Matthew Wade, a 44-year-old convicted car thief, former private school counselor and ex-owner of a used car lot, has been accused as a major player along with his cousin Calvin Remo, 45, records show. Remo is wanted on theft charges pending since 2008; Wade was never criminally charged in the case. Both apparently skipped town.
The two, and others, are accused of targeting abandoned or vacant houses in mostly traditionally African-American neighborhoods, including Scenic Woods, North Main, Third Ward and Sunnyside.
Some properties were windowless shacks inhabited by rats or used as crack houses. Others remained filled with furniture and keepsakes left behind by mostly elderly occupants who had died or moved to a nursing home or elsewhere.
Couple paid cash
After obtaining fake - though officially filed - deeds, various ring members changed locks on houses and posted standard "For Sale" signs to attract vulnerable, often cash-paying Hispanic buyers, like Santiago and Eleuteria Flores.
The Houston couple paid $10,000 cash in December 2003 for what looked like an authentic deed. They invested another $30,000 in supplies and sweat equity improving a long-vacant house only to learn that it had never been theirs, court records show.
"We worked so hard," Eleuteria Flores said. "We spent every night after my husband got off work at that house for seven months. After we lost it, I got very sick. From depression."
The true owner, whose elderly mother had moved to a nursing home, claimed he'd also been conned by culprits who allegedly forged his name on a deed.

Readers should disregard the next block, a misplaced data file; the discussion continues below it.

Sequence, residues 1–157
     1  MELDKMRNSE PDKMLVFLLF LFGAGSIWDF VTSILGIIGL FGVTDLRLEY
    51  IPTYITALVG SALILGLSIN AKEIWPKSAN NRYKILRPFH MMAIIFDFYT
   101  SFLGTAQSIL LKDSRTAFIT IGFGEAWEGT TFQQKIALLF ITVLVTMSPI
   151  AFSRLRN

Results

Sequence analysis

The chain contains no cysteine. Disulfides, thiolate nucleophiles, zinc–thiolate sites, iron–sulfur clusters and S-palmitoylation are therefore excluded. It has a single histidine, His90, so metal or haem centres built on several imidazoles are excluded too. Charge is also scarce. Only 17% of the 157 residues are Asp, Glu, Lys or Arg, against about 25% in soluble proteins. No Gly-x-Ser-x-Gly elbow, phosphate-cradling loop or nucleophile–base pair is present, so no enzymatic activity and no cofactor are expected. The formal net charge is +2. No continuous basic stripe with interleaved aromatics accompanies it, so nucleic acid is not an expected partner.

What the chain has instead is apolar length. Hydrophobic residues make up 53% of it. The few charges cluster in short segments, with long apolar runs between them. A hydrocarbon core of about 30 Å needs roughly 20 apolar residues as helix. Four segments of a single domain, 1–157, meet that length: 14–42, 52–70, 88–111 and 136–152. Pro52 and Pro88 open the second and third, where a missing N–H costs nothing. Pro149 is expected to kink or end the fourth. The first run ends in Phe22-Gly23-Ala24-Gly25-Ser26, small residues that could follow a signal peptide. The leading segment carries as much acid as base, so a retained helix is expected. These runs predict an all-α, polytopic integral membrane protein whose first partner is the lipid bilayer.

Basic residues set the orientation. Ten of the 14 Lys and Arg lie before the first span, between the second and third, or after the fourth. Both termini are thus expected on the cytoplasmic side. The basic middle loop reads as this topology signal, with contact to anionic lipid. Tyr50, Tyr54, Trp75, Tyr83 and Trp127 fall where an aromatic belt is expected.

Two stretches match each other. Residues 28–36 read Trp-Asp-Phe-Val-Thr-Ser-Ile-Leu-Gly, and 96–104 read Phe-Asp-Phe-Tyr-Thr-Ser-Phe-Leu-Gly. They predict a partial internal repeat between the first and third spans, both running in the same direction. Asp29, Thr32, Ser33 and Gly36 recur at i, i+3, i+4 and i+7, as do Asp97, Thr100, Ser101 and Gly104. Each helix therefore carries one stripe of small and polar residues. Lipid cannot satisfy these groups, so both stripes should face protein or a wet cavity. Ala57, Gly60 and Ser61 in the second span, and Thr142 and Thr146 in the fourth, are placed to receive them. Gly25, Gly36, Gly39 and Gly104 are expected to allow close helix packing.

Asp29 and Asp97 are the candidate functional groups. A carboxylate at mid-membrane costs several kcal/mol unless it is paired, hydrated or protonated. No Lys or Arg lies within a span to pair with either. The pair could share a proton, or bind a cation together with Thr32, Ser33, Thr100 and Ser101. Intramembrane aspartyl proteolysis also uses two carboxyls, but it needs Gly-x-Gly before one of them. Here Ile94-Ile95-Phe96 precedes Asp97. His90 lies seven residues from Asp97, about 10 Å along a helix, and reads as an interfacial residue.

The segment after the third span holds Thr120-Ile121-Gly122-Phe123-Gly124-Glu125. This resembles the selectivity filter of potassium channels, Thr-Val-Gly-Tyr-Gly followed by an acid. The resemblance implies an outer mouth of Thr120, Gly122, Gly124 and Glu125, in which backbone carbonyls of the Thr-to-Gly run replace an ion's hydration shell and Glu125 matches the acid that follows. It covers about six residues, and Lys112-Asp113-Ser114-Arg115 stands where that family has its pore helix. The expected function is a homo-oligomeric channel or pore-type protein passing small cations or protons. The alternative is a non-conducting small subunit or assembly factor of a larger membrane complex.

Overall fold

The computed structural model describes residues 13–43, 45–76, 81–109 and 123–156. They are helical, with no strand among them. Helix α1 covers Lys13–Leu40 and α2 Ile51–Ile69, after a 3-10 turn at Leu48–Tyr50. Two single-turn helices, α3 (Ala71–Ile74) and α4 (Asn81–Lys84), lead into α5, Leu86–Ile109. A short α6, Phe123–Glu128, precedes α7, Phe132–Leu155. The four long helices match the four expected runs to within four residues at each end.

Dozens of faux deeds have been voided as a result of the AG's civil suit. But many properties associated with the scam still have clouded titles and unresolved ownership issues. Some houses are still occupied by would-be buyers, despite lawsuits filed by often equally poor ripped-off owners or heirs. In other cases, duped sellers got evicted and lost all investments.
To further muddy the trail of fraudulent transactions, the ring used a string of real and fake people and business aliases.
They also took advantage of lax property laws. In Texas, anyone can file a property transfer record or ownership claim without providing ID or other proof. That lack of safeguards further confounds efforts to fight fraud. Harris County Clerk's officials say they haven't time or expertise to verify documents.
Scam dates to '03
In one case, a ring member met buyers right in the county clerk's office where he boldly collected $5,000 cash, signed a receipt and handed them what seemed like a real deed. Instead, it was a freshly filed forgery, complaints allege.
The deed fraud first got reported to police and prosecutors in 2003. But it wasn't until 2008 that the Texas Attorney General's office in Houston identified the scam as one of the largest property frauds in state history and filed a civil suit. Even then, investigators did not realize its ambitious scope - initially finding 40 of more than 70 properties affected.